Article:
Sunday, November 15, 2015

To Summan...from Rebekah

According to a newspaper article I read last week research has shown that children from religious backgrounds are more likely to be selfish and less inclined to share than children from secular homes.

Children were given stickers and encouraged to share them with others in the room.  How giving the children were was calculated according to how many stickers they gave away.  The religious kids were not generous.

I read through the article hoping not to see Christianity listed as one of the religions.  It was there. Along with Islam.  They took the lion’s share of selfishness while those children from secular backgrounds were hailed as more giving.

I’m never sure that I like these kinds of reports in the sense that they really don’t tell you all the details. They cherry pick the juicy bits. Secular households will nod their heads sagely and say that they knew that religious people were not nice. It confirms what they already thought they knew. Religious households will look for something to explain the results.  I did it myself – there are nominal Christians out there, the ones that are not practising Christians.  They tick a box that really says they are not Muslims or Hindus or another religion, but it’s just a label and not a lifestyle.  I’d like to think they are not the real thing at all.

It saddens me to think that they were the real thing so I tell myself another story. I am disappointed that we have failed to be Jesus in the room.

Then, as if to prove a point, last Sunday happens.

I had a row of children sitting in front of me.  Unsupervised children. They chatted through the worship time and did silly things with their arms inside their T-shirts. It was a distraction but I didn’t feel I knew them or their parents well enough to put a stop to their nonsense.

The real test came later on.  One of them had pad of blank paper and a pen.  They sat heads bent over the page drawing things and giggling every so often.  It was an improvement on the arms inside their t-shirts. There was a girl sitting with them.  She wanted to have her turn with the pad and the pen but the boys hogged the paper. I felt her frustration.

“Give her your notebook and a pen,” said God.

I turned a deaf ear as I do at times.  God nagged me as He does at times. I tapped her on the shoulder and surrendered my notepad and pencil into her hands.  I thought we were just minutes away from wrapping up the song part of the meeting and then the children would head off for junior church. Her first picture was labelled " To Summan...from Rebekah". "Summan" is "Someone". She doesn't know my name.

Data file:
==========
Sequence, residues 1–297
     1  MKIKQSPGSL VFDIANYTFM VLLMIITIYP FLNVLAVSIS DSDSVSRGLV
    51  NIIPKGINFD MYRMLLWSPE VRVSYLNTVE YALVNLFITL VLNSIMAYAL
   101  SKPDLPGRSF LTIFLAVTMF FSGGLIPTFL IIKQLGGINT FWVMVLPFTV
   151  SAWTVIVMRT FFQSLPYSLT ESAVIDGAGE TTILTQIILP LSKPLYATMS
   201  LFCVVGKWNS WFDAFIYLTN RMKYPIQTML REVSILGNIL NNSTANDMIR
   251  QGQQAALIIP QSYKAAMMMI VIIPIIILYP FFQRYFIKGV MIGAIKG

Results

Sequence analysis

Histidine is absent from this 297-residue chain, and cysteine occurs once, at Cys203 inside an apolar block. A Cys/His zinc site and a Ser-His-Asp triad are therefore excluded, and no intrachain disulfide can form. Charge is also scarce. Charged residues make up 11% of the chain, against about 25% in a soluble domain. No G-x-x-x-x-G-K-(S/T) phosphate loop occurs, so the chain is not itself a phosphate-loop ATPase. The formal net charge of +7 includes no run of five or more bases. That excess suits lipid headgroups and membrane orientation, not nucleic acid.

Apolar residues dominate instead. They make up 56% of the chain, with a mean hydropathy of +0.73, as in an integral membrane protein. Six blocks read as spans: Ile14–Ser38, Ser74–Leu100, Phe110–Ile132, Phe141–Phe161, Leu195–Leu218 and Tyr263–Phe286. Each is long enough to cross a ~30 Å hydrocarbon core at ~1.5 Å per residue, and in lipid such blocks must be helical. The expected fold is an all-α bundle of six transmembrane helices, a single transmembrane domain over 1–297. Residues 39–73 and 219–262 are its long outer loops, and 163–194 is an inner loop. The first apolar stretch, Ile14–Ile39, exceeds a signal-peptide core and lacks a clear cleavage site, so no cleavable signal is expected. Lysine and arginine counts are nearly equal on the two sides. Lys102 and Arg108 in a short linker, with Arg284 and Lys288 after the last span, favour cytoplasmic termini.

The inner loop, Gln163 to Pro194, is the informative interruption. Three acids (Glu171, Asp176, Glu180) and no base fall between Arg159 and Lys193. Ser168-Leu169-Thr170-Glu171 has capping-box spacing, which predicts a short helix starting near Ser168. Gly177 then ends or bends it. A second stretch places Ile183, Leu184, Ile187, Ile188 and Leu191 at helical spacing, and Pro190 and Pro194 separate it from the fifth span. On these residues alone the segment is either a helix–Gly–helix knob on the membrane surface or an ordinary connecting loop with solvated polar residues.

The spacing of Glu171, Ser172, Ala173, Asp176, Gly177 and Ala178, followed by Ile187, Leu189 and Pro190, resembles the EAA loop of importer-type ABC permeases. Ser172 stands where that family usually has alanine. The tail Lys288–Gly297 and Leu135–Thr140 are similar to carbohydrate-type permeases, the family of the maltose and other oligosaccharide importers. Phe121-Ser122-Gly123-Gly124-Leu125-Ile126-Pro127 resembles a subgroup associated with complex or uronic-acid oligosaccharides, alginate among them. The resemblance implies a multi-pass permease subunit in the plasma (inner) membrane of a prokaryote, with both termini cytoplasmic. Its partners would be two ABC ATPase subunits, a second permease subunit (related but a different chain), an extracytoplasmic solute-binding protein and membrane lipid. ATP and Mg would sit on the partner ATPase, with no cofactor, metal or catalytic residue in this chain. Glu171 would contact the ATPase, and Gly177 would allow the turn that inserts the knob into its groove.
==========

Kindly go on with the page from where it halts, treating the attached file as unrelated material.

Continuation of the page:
Did I count how many pages she used? Yes! It was not a large notebook, just A5 in size.  She flicked from one page to another, drawing pictures. The boys suddenly became interested in the notebook she had and abandoned the one they had.  My notebook was passed from one to another as my precious pages took on an art gallery of scrawlings.  

“You have plenty of notebooks,” said God, “Stop fretting.” 

He was quite right, of course. I have lots of notebooks squirrelled away in drawers and on shelves.  So I stopped fretting and relaxed.    

I discovered that like these children in the report, the religious ones, I also had a hard time sharing.  I am not a nominal Christian.  I practise hard and I am improving.  My tick in a box isn’t to say I’m not a Muslim or a Hindu or another religion. It’s not a label but a lifestyle and I’d like to think I am the real thing. 

The report went on to say that it is the adult in the home that provides the role model.  If we want our children to be generous and giving throughout their lives as parents we need to set the example. That applies to more than just generosity.  If we want our children to be courageous – we have to demonstrate courage.  If we want them to be adventurous – we must live adventurous lives. If we want them to know God answers prayer – we have to start praying the kind of prayers God likes to answer.

We must be the demonstrators showing the way.

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